When writing, do you need absolute quiet and an office setting or can you write anywhere?
With a first draft I need absolute quiet both inside my head and out in order to think through my plot and the general direction I want the story to go in. After I have a rough draft set down I can write just about anywhere. My best ideas seem to come while I am driving. I have had to pull over on many a country road and highway to jot down a great story idea before it got away.

What do you find to be the most challenge part of writing?
I would have to say my biggest struggle is with word count restrictions, especially in short stories. My works always tend to finish out at least 5,000 words too long, and I don't like to part with any of them!

What appeals to you about the paranormal genre? Do you see yourself writing in other genres?
In reading, I love to be taken by surprise, and paranormal stories never fail to do that. In writing, I love the challenge of making the impossible seem possible to a reader. Do I see myself writing in other genres? Absolutely. As long as they are genres that interest me. In addition to paranormal romance, I have done numerous literary short stories, and might even try a mystery some day (one that doesn't include dogs with magical powers!)

Do you believe there is one person out there for everyone and have found your special someone?
I do believe that. I have seen too many soulmates brought together by incredible circumstances not to. I think people aren't always in tune with their heart of hearts, and that sometimes leads to mistakes. Many women settle for jerks, and some end up with great guys who maybe aren't so great for them.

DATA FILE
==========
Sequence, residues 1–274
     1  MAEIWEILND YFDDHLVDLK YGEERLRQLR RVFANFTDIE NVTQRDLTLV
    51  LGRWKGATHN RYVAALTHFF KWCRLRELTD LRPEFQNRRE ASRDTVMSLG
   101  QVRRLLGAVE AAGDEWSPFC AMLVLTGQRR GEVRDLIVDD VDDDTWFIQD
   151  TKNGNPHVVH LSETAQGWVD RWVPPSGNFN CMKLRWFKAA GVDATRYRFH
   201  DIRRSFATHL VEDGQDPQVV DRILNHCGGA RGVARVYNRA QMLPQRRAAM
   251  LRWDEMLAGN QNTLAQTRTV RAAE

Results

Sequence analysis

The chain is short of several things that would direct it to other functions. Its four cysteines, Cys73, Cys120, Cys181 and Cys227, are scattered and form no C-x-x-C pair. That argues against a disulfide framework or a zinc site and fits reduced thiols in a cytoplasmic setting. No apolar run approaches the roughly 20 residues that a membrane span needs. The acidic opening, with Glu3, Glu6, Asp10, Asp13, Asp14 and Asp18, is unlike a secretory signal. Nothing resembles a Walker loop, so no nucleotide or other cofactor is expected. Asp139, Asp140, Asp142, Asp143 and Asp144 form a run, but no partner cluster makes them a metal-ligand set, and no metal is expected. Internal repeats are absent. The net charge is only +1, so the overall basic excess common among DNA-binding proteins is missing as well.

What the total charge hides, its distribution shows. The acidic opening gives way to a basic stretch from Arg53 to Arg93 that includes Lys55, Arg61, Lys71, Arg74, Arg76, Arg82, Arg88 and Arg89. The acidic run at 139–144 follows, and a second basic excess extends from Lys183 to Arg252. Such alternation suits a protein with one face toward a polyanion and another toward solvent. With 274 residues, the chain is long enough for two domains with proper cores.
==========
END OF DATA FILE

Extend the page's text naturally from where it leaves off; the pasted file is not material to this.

I married my 'Mister Right' on my fortieth birthday, so it's never too late!

Do you enjoy hearing from your readers and what is the best way to contact you?
I'm always happy to hear from my readers. When you send a book or story out into the world you never know if people are going to like it and see what you "saw" while writing it. It's good to know, either way. Praise is wonderful, and criticism helps you learn. Readers can contact me through my website: www.freewebs.com/mjeanpike.

Are you able to write full time or do you have to balance your writing with one of those pesky day jobs?
Though I would love more time for my writing, I'm one of the lucky few who actually enjoy their day job. Working with children with severe/profound mental retardation is challenging and sometimes heartbreaking, but the rewards are huge. I sometimes think if I didn't have to go out and work every day I would never leave my quiet, country road. But that wouldn't really help my writing, because I get my story ideas out in the big wide world, by watching and listening. It's amazing the things people will tell you!